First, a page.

These contaminants can affect the entire results of DNA profiling and should be avoided. In regard to analysis of DNA the most significant contaminants involve cross contamination which arises from non-related samples other than the sample being tested. The effect of these contaminants is that it can skew the results of the test and give inaccurate results (Butler, 2011).
Some notable court cases involving contamination of DNA include the O.J Simpson case and the Amanda Knox case. In both these cases the court struck out DNA evidence because of the possibility of the evidence being contaminated. The outcomes of these cases are favorable for contamination of DNA evidence compromises the results of the test and renders the evidence unreliable and as such should not be used to convict suspects.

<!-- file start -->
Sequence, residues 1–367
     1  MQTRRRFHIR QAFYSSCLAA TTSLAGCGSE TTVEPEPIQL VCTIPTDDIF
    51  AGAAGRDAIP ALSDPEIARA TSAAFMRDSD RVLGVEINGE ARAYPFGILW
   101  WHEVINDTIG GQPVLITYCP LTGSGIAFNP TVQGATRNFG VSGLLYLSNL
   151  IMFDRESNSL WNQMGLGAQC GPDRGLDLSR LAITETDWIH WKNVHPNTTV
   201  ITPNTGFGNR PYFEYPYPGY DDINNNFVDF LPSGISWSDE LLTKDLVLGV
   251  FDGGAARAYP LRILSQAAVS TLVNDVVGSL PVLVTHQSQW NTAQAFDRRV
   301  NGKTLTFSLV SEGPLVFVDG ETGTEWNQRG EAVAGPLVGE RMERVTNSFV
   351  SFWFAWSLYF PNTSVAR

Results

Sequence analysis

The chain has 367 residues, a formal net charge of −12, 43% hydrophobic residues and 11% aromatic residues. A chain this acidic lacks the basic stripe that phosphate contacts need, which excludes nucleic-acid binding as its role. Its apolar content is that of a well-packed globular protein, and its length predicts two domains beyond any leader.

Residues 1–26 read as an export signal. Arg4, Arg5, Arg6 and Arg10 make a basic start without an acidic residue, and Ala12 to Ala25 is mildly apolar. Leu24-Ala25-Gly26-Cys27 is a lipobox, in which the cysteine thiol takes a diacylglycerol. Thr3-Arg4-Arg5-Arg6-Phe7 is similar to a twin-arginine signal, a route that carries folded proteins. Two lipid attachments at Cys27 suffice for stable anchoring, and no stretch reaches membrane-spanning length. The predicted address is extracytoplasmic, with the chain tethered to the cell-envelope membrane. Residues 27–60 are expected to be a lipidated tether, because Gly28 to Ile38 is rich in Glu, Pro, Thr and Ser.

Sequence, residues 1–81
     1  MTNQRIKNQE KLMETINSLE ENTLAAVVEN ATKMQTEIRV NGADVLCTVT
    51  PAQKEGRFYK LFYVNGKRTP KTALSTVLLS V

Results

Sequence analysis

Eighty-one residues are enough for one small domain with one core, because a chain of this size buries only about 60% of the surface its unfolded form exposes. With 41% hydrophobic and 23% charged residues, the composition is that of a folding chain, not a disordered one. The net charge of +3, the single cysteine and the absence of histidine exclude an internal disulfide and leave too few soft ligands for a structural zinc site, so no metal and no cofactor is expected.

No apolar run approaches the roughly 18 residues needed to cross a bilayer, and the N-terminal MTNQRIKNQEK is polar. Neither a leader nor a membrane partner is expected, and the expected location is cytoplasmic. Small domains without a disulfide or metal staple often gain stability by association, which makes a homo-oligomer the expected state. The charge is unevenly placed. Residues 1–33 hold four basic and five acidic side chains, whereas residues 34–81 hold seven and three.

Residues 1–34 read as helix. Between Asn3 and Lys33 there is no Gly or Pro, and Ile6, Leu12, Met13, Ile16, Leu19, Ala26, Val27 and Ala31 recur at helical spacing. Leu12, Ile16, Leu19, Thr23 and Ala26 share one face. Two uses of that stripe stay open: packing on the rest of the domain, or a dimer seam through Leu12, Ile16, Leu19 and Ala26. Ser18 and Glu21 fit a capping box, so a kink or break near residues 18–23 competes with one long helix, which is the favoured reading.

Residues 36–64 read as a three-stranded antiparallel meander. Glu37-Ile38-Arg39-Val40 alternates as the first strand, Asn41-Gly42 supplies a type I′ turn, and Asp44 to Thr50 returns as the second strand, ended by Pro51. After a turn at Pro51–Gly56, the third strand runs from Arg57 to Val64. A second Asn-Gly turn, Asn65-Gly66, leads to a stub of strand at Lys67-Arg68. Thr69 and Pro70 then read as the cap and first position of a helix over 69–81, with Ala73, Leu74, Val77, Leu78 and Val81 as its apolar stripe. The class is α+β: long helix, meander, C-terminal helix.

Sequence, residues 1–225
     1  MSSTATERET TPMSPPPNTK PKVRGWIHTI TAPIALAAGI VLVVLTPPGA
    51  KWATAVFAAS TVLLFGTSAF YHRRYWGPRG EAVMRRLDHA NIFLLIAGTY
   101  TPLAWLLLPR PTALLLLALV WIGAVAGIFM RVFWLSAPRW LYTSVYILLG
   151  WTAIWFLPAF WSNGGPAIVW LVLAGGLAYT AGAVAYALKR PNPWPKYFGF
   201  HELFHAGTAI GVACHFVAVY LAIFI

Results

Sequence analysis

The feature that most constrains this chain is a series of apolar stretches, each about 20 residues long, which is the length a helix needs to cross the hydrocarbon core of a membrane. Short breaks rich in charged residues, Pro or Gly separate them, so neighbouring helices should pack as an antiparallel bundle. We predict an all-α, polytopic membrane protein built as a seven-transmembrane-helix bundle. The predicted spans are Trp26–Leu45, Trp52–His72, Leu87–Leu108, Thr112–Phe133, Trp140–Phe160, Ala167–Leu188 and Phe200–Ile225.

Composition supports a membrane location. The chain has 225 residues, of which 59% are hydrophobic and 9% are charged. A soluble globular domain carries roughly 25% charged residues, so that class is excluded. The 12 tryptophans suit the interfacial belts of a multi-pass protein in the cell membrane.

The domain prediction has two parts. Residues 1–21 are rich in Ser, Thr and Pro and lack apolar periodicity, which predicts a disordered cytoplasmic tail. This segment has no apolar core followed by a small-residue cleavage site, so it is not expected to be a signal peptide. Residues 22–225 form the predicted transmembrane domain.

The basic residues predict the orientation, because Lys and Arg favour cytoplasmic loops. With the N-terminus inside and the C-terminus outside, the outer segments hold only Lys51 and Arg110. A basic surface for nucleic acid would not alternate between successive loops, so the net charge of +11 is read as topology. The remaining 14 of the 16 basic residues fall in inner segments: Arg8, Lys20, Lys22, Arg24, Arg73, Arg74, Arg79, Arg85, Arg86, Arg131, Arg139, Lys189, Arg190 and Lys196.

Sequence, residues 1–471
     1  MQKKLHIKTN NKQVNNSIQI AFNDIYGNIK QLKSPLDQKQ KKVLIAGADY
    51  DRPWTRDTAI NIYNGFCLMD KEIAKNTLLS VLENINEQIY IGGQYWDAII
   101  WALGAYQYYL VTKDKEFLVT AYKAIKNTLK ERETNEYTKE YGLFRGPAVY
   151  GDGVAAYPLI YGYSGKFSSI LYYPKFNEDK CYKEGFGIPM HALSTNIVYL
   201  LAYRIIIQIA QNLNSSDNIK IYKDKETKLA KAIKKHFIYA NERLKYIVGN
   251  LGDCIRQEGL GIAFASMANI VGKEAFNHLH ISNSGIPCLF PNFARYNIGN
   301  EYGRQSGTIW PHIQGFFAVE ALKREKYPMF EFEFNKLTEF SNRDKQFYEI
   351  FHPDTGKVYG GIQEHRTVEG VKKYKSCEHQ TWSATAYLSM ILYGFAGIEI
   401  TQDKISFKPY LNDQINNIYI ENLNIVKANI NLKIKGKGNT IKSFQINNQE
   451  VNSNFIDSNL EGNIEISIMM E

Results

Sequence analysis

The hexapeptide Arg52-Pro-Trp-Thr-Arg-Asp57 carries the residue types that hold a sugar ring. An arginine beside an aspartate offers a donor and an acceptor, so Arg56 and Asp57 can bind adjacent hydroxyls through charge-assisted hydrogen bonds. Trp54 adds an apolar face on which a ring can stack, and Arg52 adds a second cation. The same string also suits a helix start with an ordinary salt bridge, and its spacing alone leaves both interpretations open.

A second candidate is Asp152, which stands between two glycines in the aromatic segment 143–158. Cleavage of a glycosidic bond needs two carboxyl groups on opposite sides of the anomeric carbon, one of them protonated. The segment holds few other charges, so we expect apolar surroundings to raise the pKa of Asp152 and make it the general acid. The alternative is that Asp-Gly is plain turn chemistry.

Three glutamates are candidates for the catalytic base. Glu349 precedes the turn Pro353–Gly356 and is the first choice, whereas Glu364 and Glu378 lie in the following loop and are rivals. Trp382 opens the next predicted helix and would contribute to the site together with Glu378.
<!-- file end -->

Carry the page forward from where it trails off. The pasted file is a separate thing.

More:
DNA profiling is an important aspect in the criminal justice system because it provides the courts the possibility to determine whether blood, saliva or other biological substances located at the scene of crime belong to the person accused of committing the crime. The use of DNA evidence is essential to the courts as it is an accurate method for suspect identification (Remillard, et al. 2013).
Remillard, E. M., Taylor, L. K., Layshock, J., Van Cuyk, S., & Omberg, K. M. (2013). Detecting laboratory DNA contamination using polyester-rayon wipes: A method validation study. Journal of microbiological methods, 92 (3),